Gait disorders
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Gait disorders. Normal gait. The Gait cycle Comprised of swing and stance phases A stride is one full gait cycle Stance Starts with heel striking the ground and ends with pushing off via plantar flexion Swing Starts when toes lift off the ground and ends with the heel strike.

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Normal gait
Normal gait

  • The Gait cycle

    • Comprised of swing and stance phases

    • A stride is one full gait cycle

    • Stance

      • Starts with heel striking the ground and ends with pushing off via plantar flexion

    • Swing

      • Starts when toes lift off the ground and ends with the heel strike

Examination of gait
Examination of gait

  • Ensure patient’s legs are clearly visible

  • Ask the patient to walk normally for a few metres then back

  • Ask the patient to walk heel-to-toe (cerebellar lesion)

  • Ask the patient to walk on their heels (Foot drop caused by L4/5 lesion)

  • Ask the patient to walk on their toes (S1 lesion)

  • Romberg’s test – Ask patient to stand with feet together then close their eyes, compare the steadiness in both

    • Unsteadiness with eyes open shows cerebellar dysfunction

    • Unsteadiness after eye closure shows proprioceptive loss

Types of gait and their sources
Types of gait and their sources

  • Psychogenic or psychiatric – Variable

  • Cerebral – Cautious, Parkinsonian, ataxic, spastic, magnetic

  • Basal ganglia – Parkinsonism

  • Thalamus – ataxia

  • Cerebellum – ataxia

  • Brainstem – ataxia

  • Frontal lobe - apraxia

  • Spinal cord – spasticity or scissoring

  • Peripheral nerve (proprioception, vestibular, visual) – sensory ataxia, cautious

  • NMJ – waddling

  • Muscle - waddling

Causes of ataxia
Causes of ataxia

  • Malabsorption syndromes leading to Vitamin E deficiency

  • Hypothyroidism

  • Aminoacidopatis, leukodystrophy

  • Alcohol

  • Lyme disease

  • Legionella

  • Sensory ataxia: posterior column spinal disorder (loss of proprioceptive sense), +ve Romberg’s, caused by diabetic neuropathy and Vit B12 deficiency

Cerebellar ataxia
Cerebellar ataxia

  • Broad-based gait with posture erect but feet separated

  • Jerky, unsure steps varying in size

  • Patient staggers to affected side if there is a unilateral cerebellar lesion

  • Heel-to-toe walking is impaired

  • Turning can cause instability

  • Trouble starting a balance movement: rising off a chair or starting to stand up straight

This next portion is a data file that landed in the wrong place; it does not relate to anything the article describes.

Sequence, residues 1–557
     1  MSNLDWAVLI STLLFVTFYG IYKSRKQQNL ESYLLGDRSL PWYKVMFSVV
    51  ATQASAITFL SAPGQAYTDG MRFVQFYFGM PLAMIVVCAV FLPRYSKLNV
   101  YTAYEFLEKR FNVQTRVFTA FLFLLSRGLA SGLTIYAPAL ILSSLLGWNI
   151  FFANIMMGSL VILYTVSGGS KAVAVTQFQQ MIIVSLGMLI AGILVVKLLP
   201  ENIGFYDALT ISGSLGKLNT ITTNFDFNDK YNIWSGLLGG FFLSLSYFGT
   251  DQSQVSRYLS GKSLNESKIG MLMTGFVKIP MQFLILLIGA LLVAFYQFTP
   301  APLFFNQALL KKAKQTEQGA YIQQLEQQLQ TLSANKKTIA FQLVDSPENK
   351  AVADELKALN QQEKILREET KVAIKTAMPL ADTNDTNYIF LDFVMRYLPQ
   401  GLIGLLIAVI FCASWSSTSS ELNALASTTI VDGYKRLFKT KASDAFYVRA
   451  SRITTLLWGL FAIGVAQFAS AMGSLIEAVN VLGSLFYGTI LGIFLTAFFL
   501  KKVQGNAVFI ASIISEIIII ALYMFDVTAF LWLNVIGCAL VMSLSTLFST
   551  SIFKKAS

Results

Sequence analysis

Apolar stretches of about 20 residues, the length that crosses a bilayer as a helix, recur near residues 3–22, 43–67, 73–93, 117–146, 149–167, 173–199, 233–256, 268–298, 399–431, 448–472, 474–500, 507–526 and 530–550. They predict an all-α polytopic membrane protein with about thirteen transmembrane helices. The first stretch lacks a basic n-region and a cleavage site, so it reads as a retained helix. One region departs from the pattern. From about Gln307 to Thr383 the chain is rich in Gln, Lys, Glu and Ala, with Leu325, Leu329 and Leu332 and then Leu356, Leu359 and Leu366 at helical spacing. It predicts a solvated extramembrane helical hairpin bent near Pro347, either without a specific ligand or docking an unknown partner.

Apraxic gait
Apraxic gait

  • Bilateral frontal lobe disease with the inability to plan and execute sequential movements

  • Wide-based, short strides, shuffling

  • Difficulty with beginning walking and turns

  • Strength is normal

  • Feet appear glued to the floor when erect but move normally when supine

  • Causes: vascular disease, communicating hydrocephalus

Hemiparetic gait
Hemiparetic gait

  • Residual sign of stroke

  • Abnormal posture of limbs produced by spasticity: leg swung in lateral arc

Paraparetic gait

  • Caused by spinal cord disease or cerebral palsy

  • Both legs move in a slow and stiff manner with circular movements (scissoring gait)

Steppage gait
Steppage gait

  • Due to foot drop (weakness of dorsiflexion)

  • Unilateral weakness: L5 radiculopathy, sciatic or peroneal neuropathy

  • Bilateral: distal polyneuropathy or lumbosacralpolyradiculopathy

  • Leg is lifted high above the ground to keep the toes high

Waddling gait
Waddling gait

  • Caused by proximal limb weakness most often from myopathy, NMJ disease or proximal symmetric muscular atrophy

  • Trunk and pelvic muscle weakness results in excessive pelvic sway during movement (weakness of hip flexion)

Parkinsonian gait
Parkinsonian gait

  • Forward stoop, with modest flexion of hips and knees

  • Short rapid steps (shuffling gait)

  • Difficulty with gait initiation and turning

  • Upper body gradually leans further ahead of feet

Choreic gait
Choreic gait

  • Intermittent irregular movement that disrupts smooth flow of normal gait (pelvic lurch)


  • Imaging

    • MRI brain to see any cerebral lesions, normal pressure hydrocephalus, subdural haematoma, cerebellar atrophy, white matter disease

    • MRI spine to see spinals tenosis

    • Leg X-rays to see fractures

  • Lumbar puncture

    • Raised WCC or protein can indicate syhpillis infection (demyelination of nerves of the dorsal column)

  • Blood tests

    • Electrolytes: imbalances can impair motor function and gait

    • LFTs: sense of balance is particularly imapired in patients with chronic renal disease and those with hepatic failure

    • Toxic screen/drug levels

    • Testing for syphillis

    • BSL: diabetic neuropathy

    • Vit B12 – peripheral neuropathy


  • Treat the cause

  • Cease drugs that worsen gait disorders

    • Muscarinic agonists

    • Anti-cholinesterases

    • Neuroleptics

Non pharm treatment of gait disorders
Non-pharm treatment of gait disorders

  • Psychiatric counselling

  • Education

  • Physiotherapy

  • Modification of home to prevent falls

  • Canes: widen a person’s base of support

  • Crutches: increase the base of support and improve lateral stability and can be used for full weight bearing

  • Walking frame: improves balance by increasing patient’s base of support and enhancing lateral stability

    • Disadvantages

      • Difficulty manoeuvring through doorways and up stairs

      • Reduction in normal arm swing

      • Poor posture with abnormal flexion of the back

Consequences and complications
Consequences and complications

  • Falls

  • Injuries sustained in a fall are a major cause of morbidity and a major reason for hospital admission

  • Physical disability

  • Social impact: restriction of daily functioning, loss of independence, decreased quality of life